It seems simple-the further you go, the more fuel you use. But running a half-marathon is drastically different than running an ultramarathon. You might think you’re delirious seeing potatoes, nuts or doughnuts on the ultra racecourse, but they’re there for a good reason. Before you tack another 10K onto your longest run, consider what food is going to get you there.
Calories from carbohydrates, protein and fat are your body’s fuel. You get four calories from one gram of carbohydrate or protein and you get nine calories from a gram of fat. Because they’re burned quickly and efficiently with or without oxygen, carbohydrates are your body’s preferred fuel source for exercise. The exact amount of carbs you burn per workout depends on your fitness, intensity and energy efficiency. If you’re new to running, you’re going to use two baked potatoes to every one that a trained athlete uses for the same distance and intensity. But a top marathoner like Paula Radcliffe is going to need more macaroni than a jogger for the same route because her intensity is higher.
When you eat grain products, fruits and vegetables, milk products and sweet treats, you digest those carbs into glucose, which is stored as glycogen in your liver and muscles. Liver glycogen maintains blood glucose and muscle glycogen fuels running. Most marathoners average 100-110 calories per mile (60 calories per kilometre). Roughly three quarters of that energy is from carbohydrate combustion – 20 g of carbs per mile – but the carbohydrate fuel tank is relatively small.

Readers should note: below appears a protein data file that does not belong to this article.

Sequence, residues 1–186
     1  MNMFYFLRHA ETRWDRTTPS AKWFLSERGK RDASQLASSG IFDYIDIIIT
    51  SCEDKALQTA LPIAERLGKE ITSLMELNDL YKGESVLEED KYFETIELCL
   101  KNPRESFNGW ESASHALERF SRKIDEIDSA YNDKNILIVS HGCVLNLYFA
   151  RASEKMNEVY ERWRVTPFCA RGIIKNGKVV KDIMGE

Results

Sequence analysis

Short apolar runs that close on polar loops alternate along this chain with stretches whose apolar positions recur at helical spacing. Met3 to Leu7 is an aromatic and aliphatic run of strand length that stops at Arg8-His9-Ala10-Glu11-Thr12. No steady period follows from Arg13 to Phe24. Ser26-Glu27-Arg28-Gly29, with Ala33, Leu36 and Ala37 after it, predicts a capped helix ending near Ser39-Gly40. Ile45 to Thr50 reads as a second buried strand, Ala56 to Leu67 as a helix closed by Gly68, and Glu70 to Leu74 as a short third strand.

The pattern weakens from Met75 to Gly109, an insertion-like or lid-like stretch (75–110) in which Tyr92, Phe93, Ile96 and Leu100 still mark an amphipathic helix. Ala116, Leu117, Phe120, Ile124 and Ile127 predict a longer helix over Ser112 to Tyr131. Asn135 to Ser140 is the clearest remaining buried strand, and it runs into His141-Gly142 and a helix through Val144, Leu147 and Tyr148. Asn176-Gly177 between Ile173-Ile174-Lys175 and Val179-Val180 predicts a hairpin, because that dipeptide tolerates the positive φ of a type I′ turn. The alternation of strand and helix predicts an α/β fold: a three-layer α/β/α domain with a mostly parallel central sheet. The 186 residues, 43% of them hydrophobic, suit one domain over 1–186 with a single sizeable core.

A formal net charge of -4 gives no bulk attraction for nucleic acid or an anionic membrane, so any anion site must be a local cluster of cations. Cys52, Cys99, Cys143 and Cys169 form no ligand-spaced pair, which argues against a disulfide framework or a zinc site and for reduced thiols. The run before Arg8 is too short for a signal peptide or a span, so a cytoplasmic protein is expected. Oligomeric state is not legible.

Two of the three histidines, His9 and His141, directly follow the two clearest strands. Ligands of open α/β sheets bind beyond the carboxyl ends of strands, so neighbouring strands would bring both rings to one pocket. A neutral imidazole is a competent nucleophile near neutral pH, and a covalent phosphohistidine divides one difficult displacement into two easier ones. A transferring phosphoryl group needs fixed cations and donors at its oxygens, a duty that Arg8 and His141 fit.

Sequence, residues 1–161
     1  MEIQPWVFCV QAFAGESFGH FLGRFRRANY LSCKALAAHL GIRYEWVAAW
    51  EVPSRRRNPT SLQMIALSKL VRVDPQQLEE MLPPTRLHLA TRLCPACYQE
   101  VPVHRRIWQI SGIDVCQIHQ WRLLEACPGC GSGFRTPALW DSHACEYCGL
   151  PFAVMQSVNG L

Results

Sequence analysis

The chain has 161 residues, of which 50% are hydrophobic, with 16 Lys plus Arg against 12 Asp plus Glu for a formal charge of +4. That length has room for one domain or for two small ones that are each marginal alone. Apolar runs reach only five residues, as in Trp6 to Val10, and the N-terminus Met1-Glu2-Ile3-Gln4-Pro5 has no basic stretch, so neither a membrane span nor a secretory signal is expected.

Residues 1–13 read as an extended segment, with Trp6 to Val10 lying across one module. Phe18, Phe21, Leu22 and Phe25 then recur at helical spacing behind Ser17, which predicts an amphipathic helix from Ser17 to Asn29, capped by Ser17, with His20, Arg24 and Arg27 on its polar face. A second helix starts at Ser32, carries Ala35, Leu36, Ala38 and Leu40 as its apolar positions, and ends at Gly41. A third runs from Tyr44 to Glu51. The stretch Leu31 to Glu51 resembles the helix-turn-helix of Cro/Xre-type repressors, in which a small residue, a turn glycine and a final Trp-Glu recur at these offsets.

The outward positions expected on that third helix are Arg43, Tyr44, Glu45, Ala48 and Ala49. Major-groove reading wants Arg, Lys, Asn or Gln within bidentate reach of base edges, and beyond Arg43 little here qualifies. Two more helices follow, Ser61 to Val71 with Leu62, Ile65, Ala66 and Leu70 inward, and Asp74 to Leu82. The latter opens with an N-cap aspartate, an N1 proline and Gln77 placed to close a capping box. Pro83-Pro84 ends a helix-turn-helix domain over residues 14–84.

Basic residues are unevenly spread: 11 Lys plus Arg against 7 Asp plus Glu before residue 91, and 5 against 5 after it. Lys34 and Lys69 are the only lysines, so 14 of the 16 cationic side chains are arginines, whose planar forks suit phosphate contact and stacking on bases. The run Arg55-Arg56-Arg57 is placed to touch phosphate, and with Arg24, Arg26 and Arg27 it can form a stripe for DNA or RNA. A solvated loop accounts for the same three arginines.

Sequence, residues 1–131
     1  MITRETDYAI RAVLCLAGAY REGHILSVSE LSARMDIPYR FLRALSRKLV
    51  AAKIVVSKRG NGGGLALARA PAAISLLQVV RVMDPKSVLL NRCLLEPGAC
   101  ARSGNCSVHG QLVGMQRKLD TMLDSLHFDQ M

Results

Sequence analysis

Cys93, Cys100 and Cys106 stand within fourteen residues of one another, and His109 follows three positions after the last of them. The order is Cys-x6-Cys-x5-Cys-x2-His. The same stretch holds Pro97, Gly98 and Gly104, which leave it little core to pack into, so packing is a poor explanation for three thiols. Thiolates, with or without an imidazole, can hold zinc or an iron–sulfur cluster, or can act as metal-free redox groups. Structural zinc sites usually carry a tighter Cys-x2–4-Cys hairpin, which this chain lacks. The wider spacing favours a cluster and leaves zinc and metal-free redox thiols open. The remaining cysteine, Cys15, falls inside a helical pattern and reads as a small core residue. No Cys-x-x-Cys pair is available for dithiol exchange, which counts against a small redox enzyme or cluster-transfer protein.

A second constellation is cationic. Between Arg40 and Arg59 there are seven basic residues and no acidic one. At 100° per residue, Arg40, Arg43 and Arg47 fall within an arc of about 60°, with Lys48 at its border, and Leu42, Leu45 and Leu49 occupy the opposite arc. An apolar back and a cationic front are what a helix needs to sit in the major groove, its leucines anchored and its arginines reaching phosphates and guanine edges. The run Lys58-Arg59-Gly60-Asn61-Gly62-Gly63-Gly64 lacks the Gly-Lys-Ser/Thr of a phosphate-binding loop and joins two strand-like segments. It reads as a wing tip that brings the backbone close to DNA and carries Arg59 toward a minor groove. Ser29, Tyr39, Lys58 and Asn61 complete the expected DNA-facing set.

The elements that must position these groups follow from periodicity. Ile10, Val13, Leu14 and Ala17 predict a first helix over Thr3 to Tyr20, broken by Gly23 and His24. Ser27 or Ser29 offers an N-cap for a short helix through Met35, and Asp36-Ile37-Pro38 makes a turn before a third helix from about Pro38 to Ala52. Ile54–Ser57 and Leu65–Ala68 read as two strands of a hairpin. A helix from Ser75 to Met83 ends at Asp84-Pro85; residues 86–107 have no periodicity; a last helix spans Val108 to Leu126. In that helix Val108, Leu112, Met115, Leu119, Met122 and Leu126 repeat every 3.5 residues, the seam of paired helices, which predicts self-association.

Depending on your fitness and diet, you can squeeze about 450 grams of carbohydrate into your muscles, liver and blood – about 1,800 calories for the majority of runners. Trained athletes can store more – up to 800 grams. At 60 calories per kilometre, you could theoretically run for 35K on carbohydrates alone, but to some degree, you use all three calorie sources. The “wall” – where you run out of liver glycogen – is usually around the 32K mark. Despite being able to store more carbohydrates, highly trained athletes hit the wall, too, usually because they’re running at a faster pace.
When you breeze through a half-marathon, you’re likely running at a quicker, more intense pace than a full marathon. Even though your body has enough carbohydrate to fuel the entire 21.1K, sports drinks are proven to improve performance if you’re working hard enough. The other danger in distance running, hyponatremia (low blood sodium), is less frequent in the half-marathon. If you drank only water for 21.1K, you’d be slower than you would if you had a sport drink, but you’d still finish.
Doubling that distance, few humans have enough glycogen to cover 42.2K. Without fuel, muscle glycogen is depleted and your liver switches into overdrive to feed both muscles and blood glucose. Amino acids from protein breakdown are then used to make glycogen to fill the liver. If you don’t eat while running distances greater than 30K, you’ll literally be burning your muscles. To avoid muscle catabolism, take advantage of those nice people handing you sports drinks, gels and bars. Carbs prevent muscle destruction by keeping glucose in your system.